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Meet the bench curing loneliness and social isolation

The Friendly Bench provides a community garden hoping to help elderly mental health blossom

The Friendly Bench

Benches have been the target of hostile designs for a number of years – but this one is hoping to tackle loneliness and social isolation.

The Friendly Bench, which was launched in Bottesford, Leicestershire, earlier this year by creator Lyndsey Young with help from Sir Alan Duncan MP, merges a lush community garden with a convenient seating place.

The project is designed to offer a meeting place for elderly people who are at risk of becoming isolated from their community with a place to meet others through friendship, events and activities organised by volunteers.

Far from the exclusion brought by the notorious Camden bench or examples like the one seen in Bournemouth in February, The Friendly Bench is aiming to give people with limited social mobility a place to rest as well as access to nature allowing a boost to their mental wellbeing and physical health.

The Friendly Bench
The-Friendly-Bench
Sir Alan Duncan MP (bottom right) helped to launch The Friendly Bench in March 2018

Made with sustainable timber and decorated with plants and organic herbs, the first bench in creator Lyndsey’s hometown of Bottesford is being maintained by a team of two volunteers.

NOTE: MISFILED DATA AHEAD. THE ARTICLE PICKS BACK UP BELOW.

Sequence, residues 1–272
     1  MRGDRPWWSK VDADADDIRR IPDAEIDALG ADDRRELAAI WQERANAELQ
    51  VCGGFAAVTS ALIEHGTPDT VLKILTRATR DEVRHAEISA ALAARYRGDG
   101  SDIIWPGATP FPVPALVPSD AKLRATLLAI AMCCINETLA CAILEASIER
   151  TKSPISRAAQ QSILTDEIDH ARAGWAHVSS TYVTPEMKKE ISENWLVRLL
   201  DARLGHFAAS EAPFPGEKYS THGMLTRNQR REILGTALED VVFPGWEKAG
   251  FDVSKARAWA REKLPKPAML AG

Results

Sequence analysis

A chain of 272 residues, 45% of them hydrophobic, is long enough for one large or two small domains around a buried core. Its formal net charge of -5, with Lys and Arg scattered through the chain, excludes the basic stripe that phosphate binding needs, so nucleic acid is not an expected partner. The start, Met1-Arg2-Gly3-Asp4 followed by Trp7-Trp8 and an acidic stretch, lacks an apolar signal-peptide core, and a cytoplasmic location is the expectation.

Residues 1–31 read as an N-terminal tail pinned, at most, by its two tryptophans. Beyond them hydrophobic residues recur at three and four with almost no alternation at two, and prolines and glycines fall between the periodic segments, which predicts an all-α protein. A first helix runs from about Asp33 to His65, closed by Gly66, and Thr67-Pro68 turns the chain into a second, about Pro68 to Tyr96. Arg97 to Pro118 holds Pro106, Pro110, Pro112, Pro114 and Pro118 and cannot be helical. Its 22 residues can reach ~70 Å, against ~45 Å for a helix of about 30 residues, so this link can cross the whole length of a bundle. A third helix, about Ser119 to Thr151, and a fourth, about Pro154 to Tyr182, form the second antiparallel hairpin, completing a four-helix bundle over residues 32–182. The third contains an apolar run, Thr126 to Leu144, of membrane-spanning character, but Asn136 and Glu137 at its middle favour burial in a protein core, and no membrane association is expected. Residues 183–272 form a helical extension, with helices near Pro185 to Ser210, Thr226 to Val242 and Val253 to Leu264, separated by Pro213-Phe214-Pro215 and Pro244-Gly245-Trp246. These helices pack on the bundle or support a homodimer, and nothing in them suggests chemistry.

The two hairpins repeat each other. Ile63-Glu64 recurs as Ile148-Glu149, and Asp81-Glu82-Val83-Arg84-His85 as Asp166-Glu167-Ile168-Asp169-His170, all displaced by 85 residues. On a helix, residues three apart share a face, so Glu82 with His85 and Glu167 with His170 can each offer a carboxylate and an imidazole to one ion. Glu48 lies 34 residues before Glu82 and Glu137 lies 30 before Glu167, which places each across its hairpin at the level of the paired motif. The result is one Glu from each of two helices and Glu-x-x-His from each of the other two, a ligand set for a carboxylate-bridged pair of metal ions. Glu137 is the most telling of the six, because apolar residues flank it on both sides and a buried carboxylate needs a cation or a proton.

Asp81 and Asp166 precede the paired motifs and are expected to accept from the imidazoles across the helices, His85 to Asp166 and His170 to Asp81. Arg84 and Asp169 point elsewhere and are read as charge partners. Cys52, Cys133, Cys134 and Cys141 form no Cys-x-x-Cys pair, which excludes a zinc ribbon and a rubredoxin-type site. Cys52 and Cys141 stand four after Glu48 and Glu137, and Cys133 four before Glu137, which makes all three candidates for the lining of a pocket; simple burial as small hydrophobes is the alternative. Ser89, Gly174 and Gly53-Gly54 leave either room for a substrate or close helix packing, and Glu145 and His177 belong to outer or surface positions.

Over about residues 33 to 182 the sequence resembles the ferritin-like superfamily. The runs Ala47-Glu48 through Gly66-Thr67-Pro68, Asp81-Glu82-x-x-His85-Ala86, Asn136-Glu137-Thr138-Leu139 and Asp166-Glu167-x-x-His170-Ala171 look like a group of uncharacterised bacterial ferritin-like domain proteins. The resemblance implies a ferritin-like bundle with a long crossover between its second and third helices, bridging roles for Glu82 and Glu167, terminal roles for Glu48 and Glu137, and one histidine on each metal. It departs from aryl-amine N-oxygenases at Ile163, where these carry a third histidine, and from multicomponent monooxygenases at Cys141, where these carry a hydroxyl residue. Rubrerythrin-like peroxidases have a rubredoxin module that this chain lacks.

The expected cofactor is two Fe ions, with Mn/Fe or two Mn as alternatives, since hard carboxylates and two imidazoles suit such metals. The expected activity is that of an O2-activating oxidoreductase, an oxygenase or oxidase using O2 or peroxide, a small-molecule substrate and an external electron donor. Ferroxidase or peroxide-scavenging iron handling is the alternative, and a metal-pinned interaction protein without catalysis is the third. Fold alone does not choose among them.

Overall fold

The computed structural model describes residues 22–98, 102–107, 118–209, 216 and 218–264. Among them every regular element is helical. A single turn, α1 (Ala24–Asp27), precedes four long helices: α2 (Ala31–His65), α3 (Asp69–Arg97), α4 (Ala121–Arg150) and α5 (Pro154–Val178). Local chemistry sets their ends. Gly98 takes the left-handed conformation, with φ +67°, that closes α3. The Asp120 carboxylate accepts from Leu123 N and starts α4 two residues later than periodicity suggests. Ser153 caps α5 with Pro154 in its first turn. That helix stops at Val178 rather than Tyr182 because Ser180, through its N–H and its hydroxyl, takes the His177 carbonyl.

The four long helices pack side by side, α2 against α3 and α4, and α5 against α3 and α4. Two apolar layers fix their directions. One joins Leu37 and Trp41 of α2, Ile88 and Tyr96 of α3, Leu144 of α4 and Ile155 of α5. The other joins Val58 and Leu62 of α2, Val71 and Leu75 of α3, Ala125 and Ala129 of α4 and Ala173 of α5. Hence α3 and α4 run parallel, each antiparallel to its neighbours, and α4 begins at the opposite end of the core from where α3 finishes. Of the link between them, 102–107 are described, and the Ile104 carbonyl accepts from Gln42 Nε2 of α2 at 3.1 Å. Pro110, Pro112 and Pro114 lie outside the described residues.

But she insists that the community is also pitching in with one elderly resident claiming that tending to the plants “gives him a reason to get out of bed”.

Lyndsey, who began sketching out the Big Lottery-funded project around 2016 after suffering from loneliness while working from home, is now planning to take the project nationwide.

“The Friendly Bench plays a vital role in tackling loneliness amongst older people and those with restricted mobility in our communities,” she said.

“By creating an inclusive, accessible and well-located place to meet and join in with regularly organised activities, The Friendly Bench is a hub for people to connect. This not only helps improve our older people’s physical and mental wellbeing, it also helps develop and strengthen community connections and build relationships between residents and their wider community.”

As well as the backing of Rutland and Melton MP Sir Duncan, Rachel Reeves MP, co-chair of the Jo Cox Commission on Loneliness also brought up The Friendly Bench in her Westminster debate on loneliness.

And they are not the only ones who have taken an interest with up to 20 organisations, local authorities from across the UK getting in touch with Lyndsey to bring The Friendly Bench to their town – with plans afoot to bring a bespoke touch to each one.

“It became really apparent to me that the simple thing of installing a bench could really open a whole world for these people who have started to lose contact with their own community,” she adds.

“The idea is to merge the bench and the nature together for a small accessible meeting area for people to come to when they want to talk to people.”

The project also has the full support of the Nottingham Community Housing Association’s Sheltered Housing Scheme.

Manager Jim Anstey said: “I think The Friendly Bench is a great idea. It will encourage people to socialise with their neighbours and passers-by and become part of the local community.”

Main image: The Friendly Bench

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